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I was wondering if a Borel set $A \in \mathscr B (\mathbb R)$ has strictly positive Lebesgue measure ($\lambda(A) > 0$) iff it contains some interval $(a,b)$, $a<b$. I tried proving this, before I found a post with a few counterexamples, showing my 'proof' is obviously flawed. Could someone point out the error(s)?

My plan was to define a different measure for which it would be much easier to prove the claim (making it almost obvious), and then prove its equality to the Lebesgue measure for all Borel sets.

Define an equivalence relation on $A \in \mathscr B (\mathbb R)$ by:

$$ x \sim y \iff \text{for all $z$ between $x$ and $y$, we have } z \in A.$$

Then the equivalence classes of $A$ will be intervals (possibly of infinite length) or singletons. Name the set of all intervals, excluding the singletons, $\mathcal C_A$. All the intervals in $\mathcal C_A$ are disjoint, and there are only countably many of them, because each interval contains a rational number. Define:

$$ \mu (A) := \sum_{C \in \mathcal C_A} \lambda( C).$$ Then $\mu$ is a measure coinciding with $\lambda$ on all half-open intervals $[a,b)$, which are known to form a semi-ring $\mathscr S$. This $\mathscr S$ is stable under finite intersections and has an exhausting sequence (on which both $\mu$ and $\lambda$ are finite), so $\mu$ and $\lambda$ must also coincide on $\sigma(\mathscr S) = \mathscr B (\mathbb R)$.

One possibly erroneous statement is the claim that $\mu$ is a measure on $\mathscr B (\mathbb R)$. Any thoughts?

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  • $\begingroup$ You can't just throw away the singletons if there are uncountably many of them. For example, $\mathbb{R}\setminus \mathbb{Q}$ contains no intervals, and is therefore entirely singletons in the context of your usage, but has full measure in any interval $I\subset \mathbb{R}$. Of course, you can't produce $\mathbb{R}\setminus \mathbb{Q}$ as a finite intersection of half-intervals, but it is still a Borel set. $\endgroup$
    – Michael L.
    Aug 28, 2017 at 9:33

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You are correct that $\mu$ is not a measure since it is not even finitely additive. Note that $\mu(\mathbb{Q}) = 0 = \mu(\mathbb{R} - \mathbb{Q})$ since neither set contains any interval of positive length but $\mu(\mathbb{R}) = \infty$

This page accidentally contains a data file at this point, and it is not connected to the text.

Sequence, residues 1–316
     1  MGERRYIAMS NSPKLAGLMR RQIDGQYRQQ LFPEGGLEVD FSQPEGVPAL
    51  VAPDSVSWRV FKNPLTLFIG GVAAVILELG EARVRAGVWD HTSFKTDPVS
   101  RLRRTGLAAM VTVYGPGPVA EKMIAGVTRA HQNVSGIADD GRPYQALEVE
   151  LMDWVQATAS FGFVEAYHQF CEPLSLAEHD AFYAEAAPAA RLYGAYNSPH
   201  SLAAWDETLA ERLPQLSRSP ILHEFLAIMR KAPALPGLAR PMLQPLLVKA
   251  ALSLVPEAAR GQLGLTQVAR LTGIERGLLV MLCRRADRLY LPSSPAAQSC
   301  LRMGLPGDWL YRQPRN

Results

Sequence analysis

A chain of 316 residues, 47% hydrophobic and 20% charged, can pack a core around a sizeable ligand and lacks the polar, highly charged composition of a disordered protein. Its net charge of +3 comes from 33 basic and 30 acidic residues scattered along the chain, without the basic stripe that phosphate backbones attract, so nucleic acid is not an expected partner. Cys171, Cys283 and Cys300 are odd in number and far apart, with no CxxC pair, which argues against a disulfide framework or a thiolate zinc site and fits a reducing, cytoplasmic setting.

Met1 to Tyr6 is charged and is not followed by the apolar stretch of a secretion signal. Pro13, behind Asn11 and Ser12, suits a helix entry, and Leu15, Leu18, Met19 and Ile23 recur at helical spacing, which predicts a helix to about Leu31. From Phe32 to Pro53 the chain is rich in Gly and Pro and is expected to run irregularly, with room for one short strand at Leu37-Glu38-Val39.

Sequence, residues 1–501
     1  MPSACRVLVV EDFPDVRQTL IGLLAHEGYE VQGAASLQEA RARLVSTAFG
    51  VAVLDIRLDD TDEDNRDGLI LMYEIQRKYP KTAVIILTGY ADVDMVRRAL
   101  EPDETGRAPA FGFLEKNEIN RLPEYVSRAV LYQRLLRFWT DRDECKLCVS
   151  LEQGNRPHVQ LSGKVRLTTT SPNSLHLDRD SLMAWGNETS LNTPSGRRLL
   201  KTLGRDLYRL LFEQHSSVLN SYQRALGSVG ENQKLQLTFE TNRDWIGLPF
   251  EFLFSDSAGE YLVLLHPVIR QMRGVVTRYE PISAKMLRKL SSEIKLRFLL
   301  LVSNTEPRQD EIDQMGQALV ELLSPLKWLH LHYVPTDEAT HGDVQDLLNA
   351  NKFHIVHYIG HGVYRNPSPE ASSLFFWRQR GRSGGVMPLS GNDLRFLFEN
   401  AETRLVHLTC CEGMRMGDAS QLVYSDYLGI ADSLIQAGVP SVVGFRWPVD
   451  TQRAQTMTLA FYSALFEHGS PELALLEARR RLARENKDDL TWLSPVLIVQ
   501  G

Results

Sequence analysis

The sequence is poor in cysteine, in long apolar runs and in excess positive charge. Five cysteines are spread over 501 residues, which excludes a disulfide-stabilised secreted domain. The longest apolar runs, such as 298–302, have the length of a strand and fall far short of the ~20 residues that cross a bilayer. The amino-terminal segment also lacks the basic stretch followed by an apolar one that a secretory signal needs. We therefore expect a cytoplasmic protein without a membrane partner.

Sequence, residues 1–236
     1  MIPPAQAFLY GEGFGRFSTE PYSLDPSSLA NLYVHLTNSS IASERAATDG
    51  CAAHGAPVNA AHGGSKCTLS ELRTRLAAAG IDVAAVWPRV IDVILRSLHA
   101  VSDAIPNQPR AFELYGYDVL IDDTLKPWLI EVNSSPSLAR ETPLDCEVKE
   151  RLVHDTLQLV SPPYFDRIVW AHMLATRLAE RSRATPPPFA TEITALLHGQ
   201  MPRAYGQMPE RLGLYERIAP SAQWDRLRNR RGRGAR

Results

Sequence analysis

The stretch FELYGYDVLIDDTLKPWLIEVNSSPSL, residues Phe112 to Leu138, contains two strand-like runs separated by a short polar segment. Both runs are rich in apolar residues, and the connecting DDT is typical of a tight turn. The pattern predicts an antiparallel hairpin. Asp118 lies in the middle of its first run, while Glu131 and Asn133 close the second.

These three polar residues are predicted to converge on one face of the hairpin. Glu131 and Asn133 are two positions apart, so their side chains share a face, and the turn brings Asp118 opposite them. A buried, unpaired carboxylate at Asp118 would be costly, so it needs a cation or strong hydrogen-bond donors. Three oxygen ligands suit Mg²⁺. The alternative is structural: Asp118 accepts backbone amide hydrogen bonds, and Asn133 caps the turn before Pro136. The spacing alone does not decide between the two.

Edit: This answer is essentially the same idea as in the comment given by Michael Lee. There it is noted that $\mathbb{R}-\mathbb{Q}$ has "the wrong measure". I exploit this to break additivity.

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If $A$ is the Cantor set, then its equivalence classes are all singletons. There are uncountably many of them; note a singleton is an interval and need not contain a rational. You have an uncountable sum $\sum\lambda(C)$.

You may object that this is irrelevant; in this example one is adding uncountably many zeroes to get zero. But there are "fat" Cantor sets: these are homeomorphic to the standard Cantor set, yet have positive measure. In this case, can you add uncountably many zeroes to get exactly the right nonzero number?

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  • $\begingroup$ I see that this is where it differs from the Lebesgue measure, yet they still coincide on all the half-open intervals. So is my use of that theorem incorrect? $\endgroup$
    – SvanN
    Aug 28, 2017 at 9:33
  • $\begingroup$ Your $\mu$ is not a measure. It gives $0$ on a fat Cantor set $A$, yet the complement of $A$ within a bounded open interval $I$ is a union of open intervals, so $\mu(I\setminus A)=\lambda(I\setminus A)$. But $\mu(A)=0<\lambda (A)$ and $\mu(I)=\lambda(I)$ so we don't have finite additivity. $\endgroup$ Aug 28, 2017 at 9:38
  • $\begingroup$ I was just about to realise that myself. Thank you for your help! $\endgroup$
    – SvanN
    Aug 28, 2017 at 9:39

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